Cyprus: an island divided | Irfan Hussain


Irfan Hussain Latest Column in Dawn Newspaper .

Cyprus: an island divided

Cyprus, the disputed island in Eastern Medit­erranean, has been inhabited since 9000 BC, and in its troubled recent history — as well as in its beauty — it has much in common with Kashmir. Both have been partitioned, with religion and nationalism featuring in the dispute. The baggage of history weighs heavily for both, and two bigger players call the shots.

Cyprus has been populated since 9,000 BC, and later was part of the Hittite Empire. Conquered by Alexander the Great in the 4th century BC, it was then absorbed into Ptolemaic Egypt. The island was next part of the Roman Empire before falling to the soldiers of early Islam, and was for three centuries an outpost of the Caliphate (643-966 AD).

Despite the many changes in its rulers, Cyprus is now known as a Greek island, and its ties with mainland Greece are strong. Although it became part of the Ottoman Empire, 78 per cent of the population is Greek today, with Muslim Turks at 18pc. When the Ottomans joined Germany in the First World War, Britain seized the island and later declared it a Crown colony.

Given the close ties between Greek Cypriots and Greece, their spiritual homeland, it came as no surprise when the pressure to unite began building, and burst into violence under the banner of enosis —unification. The uprising was put down by force by the British, but simmered on under the surface.


As a reaction to this movement among their Greek compatriots, the Turkish community, too, hardened their resolve to resist any unification with Greece. The result was a rise in ethnic/religious tensions that broke out in vicious fighting in Nicosia in 1963 which spread across the island. This escalated over time, with the two communities now at daggers drawn.

When in July 1974, a coup led to a declaration of enosis between Cyprus and Greece, the Turkish government under Bulent Ecevit launched an invasion of the island, and carved out a Turkish enclave that incorporated around a third of the land. Although widely criticised, Turkey recognised the Turkish Republic of North Cyprus (TRNC). Pakistan, in a show of solidarity, followed suit, and there was an embassy of the TRNC in Islamabad. But this entity has not been recognised by anybody else.

Since then, there have been many attempts to reunite the island. While the Greek part has prospered as the Republic of Cyprus, and is a member of the UN and the EU, its Turkish third has lagged behind, attracting few tourists or foreign investment. Cyprus has long remained a thorn in the Turkish side by its adamant resistance to Turkey’s application to join the EU. As Turkey refuses to allow Greek Cypriot ships from entering its ports, it is in breach of EU rules.

Despite the history of hatred, there have been recent talks aimed at reunification. Both sides seem to realise that for all their differences — as exemplified by the ‘green line’ separating the capital city of Nicosia and extending 112 miles across the island — Cyprus would be better off together. A meeting between the ‘guarantor powers’, i.e., Britain, Turkey and Greece, is scheduled to be held in Geneva next month. But all the participants are wary of Recep Tayyip Erdogan’s ability to torpedo this latest attempt at unification. His strong nationalistic streak, combined with his mistrust of Greece, could well evoke a hostile reaction from him.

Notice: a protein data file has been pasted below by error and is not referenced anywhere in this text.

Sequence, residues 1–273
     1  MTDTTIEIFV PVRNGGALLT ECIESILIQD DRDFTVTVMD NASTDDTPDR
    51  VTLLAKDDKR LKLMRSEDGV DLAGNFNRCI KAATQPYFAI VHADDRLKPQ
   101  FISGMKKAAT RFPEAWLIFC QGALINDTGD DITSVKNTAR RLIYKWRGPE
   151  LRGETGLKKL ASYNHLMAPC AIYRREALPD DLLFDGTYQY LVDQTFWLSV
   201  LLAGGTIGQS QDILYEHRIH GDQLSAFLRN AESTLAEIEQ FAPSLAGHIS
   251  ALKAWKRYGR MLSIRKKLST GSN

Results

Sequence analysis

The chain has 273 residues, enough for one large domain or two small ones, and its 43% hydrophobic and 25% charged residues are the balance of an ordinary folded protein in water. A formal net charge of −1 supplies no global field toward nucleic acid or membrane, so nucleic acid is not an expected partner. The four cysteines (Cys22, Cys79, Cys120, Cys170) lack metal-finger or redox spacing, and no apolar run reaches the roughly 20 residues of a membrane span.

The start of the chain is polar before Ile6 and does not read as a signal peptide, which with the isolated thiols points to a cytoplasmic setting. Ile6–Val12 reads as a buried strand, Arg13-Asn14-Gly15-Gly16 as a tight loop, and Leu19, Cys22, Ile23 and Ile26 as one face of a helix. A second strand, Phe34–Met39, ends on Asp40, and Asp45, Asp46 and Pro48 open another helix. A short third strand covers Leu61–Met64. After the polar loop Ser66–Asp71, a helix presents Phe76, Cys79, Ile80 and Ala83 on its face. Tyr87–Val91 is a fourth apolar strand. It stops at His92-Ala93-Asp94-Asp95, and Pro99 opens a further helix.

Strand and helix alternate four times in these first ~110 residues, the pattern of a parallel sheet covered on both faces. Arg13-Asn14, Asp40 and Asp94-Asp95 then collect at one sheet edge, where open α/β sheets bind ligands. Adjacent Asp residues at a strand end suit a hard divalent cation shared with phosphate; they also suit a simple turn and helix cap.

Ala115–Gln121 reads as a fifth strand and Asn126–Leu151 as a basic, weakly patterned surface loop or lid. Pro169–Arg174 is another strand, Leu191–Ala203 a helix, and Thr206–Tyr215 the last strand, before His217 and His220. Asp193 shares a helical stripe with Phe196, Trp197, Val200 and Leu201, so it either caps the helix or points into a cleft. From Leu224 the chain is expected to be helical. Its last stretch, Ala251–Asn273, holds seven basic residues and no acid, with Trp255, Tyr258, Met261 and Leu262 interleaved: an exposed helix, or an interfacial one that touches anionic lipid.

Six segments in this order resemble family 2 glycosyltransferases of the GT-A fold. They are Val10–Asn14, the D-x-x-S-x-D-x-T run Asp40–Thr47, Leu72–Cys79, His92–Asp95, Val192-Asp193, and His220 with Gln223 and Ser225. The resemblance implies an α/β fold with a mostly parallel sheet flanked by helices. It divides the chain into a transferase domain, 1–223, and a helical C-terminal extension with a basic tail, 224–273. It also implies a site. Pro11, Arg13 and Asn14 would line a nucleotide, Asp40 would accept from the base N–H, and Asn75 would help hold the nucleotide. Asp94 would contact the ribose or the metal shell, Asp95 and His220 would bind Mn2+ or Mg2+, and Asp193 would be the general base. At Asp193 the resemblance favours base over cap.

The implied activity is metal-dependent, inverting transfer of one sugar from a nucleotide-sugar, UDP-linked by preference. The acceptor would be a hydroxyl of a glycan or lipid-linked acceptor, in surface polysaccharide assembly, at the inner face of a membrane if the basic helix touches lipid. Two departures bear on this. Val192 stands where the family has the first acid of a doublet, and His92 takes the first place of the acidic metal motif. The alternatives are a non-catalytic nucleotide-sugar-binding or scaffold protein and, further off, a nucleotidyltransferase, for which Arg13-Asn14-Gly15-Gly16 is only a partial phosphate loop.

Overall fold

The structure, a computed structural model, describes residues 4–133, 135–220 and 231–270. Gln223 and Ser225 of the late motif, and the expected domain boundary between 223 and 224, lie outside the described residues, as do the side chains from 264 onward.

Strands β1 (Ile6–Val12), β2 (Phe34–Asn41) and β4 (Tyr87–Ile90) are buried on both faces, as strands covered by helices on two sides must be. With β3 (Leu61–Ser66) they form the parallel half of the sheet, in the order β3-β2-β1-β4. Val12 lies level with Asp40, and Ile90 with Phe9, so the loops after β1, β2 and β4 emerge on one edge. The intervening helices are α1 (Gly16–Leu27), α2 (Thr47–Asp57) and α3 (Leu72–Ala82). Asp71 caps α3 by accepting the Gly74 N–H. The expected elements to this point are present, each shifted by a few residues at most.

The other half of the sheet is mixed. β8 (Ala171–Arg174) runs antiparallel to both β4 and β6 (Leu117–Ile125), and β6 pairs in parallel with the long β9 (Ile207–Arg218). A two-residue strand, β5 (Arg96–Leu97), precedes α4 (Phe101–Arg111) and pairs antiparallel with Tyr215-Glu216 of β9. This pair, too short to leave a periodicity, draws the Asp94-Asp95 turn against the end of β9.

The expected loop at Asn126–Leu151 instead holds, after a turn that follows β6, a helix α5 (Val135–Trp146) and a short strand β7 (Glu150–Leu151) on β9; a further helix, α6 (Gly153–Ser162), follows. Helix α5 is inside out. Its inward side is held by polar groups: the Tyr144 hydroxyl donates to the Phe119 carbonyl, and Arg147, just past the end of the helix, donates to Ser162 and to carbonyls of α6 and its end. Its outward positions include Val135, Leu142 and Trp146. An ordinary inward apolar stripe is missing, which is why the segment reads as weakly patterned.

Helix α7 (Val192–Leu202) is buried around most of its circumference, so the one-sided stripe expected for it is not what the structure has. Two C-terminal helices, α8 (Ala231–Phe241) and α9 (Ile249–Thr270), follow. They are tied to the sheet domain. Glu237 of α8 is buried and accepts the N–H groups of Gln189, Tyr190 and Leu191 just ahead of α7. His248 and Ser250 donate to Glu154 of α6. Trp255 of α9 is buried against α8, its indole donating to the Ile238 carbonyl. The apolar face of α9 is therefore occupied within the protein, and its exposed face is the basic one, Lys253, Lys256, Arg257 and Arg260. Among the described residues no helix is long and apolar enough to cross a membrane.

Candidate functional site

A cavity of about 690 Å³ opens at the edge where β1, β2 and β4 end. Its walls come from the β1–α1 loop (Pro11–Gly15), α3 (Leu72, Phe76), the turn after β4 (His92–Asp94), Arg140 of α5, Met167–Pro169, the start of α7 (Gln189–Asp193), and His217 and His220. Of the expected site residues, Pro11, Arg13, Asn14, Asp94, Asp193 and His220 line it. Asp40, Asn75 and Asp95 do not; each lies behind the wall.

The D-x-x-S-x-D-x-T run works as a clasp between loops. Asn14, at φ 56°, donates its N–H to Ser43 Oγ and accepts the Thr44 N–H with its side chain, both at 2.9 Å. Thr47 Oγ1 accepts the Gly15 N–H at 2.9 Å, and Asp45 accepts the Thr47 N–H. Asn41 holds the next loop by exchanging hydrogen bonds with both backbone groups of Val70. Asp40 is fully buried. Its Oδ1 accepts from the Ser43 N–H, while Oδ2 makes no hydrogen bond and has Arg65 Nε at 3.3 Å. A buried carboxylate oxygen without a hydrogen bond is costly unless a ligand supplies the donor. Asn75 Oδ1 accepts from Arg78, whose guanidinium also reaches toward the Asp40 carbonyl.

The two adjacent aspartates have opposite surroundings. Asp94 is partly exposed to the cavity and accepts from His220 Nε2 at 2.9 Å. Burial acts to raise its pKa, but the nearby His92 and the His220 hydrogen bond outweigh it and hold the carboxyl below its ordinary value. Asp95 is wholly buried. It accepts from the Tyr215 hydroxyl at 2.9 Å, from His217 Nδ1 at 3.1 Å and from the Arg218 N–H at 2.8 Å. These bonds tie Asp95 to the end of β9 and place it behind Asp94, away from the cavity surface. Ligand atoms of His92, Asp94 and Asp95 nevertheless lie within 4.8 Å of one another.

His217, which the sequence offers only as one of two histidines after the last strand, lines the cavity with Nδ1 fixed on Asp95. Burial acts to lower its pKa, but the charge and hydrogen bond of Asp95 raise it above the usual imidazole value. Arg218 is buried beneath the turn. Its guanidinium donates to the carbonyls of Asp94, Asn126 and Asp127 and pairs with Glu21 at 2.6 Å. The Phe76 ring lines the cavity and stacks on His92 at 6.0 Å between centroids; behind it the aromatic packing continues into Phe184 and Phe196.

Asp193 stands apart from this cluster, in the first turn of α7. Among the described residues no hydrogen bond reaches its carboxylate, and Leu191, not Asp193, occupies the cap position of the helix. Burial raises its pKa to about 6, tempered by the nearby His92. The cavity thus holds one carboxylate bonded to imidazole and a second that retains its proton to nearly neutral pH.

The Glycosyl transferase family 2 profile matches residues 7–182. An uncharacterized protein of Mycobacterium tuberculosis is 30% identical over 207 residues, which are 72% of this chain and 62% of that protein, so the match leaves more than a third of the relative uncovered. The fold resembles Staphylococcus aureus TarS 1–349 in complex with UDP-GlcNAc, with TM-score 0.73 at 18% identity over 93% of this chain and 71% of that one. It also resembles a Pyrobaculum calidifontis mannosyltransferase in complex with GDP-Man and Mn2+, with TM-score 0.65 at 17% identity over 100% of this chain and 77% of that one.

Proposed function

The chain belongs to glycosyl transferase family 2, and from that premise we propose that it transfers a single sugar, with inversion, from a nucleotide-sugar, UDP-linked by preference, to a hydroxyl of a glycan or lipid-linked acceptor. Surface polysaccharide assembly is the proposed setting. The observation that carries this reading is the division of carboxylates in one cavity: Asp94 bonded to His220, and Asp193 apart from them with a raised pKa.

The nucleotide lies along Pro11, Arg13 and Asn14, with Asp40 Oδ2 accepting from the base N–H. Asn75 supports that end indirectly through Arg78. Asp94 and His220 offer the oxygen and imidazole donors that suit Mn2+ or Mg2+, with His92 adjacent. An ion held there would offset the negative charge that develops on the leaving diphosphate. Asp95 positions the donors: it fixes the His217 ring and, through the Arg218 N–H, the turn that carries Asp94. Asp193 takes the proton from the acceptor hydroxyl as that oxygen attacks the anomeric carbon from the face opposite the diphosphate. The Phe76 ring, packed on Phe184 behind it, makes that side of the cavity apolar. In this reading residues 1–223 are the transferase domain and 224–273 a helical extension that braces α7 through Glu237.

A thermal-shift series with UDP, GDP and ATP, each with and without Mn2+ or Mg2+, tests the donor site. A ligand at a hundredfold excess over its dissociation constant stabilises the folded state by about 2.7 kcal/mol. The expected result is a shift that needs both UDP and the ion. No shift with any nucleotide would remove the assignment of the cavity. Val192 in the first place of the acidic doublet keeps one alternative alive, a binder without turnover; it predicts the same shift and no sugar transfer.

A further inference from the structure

In fact, this animosity towards Athens was recently reinforced by a Greek court’s refusal to permit the return of a few Turkish officers who sought sanctuary in Greece following last year’s failed coup in Turkey. Tension between the two neighbours is high, and recently, two gunboats from either side confronted each other in the Aegean Sea.

In Turkey itself, attachment to Cypriot Turks has dimmed since my days there as a student in the early 1960s when frequent demonstrations were held in support of fellow Turks living under the Greeks. Now, the old slogans are relics of the past.

For Europe, Nicosia is the only city that is still partitioned, and EU diplomats have devoted much time and effort to bring about reconciliation and reunification. Much progress has been made in narrowing the differences. But a generation has grown up without being in contact with the ‘other’. For them, a state of separation is the only one they know. If and when the ‘green line’ is erased, it will be interesting to see how they interact: will they nurse the grudges of the past, or decide to forgive and forget?

And there is much to forgive and forget: during the fighting in the ‘60s and ‘70s, thousands were killed on both sides, and ethnic cleansing on a large scale occurred. Memories of these atrocities have sustained decades of animosity.

A major difference between the partition of Cyprus and Kashmir is that there’s a significant constituency to reunite the former, while the rest of the world has washed its hands off Kashmir. The only reason the major powers retain a vestige of interest is that both India and Pakistan have nuclear arsenals, and both have been to war several times over the disputed valley. Cyprus, on the other hand, is a recognised state, and nobody wants to see two Nato members go to war over it.

If, as is widely hoped, the Geneva talks do lead to reunification, there will be much to celebrate. One more flashpoint will have been removed. But sadly, there remain many more to sort out.

Published in Dawn, February 13th, 2017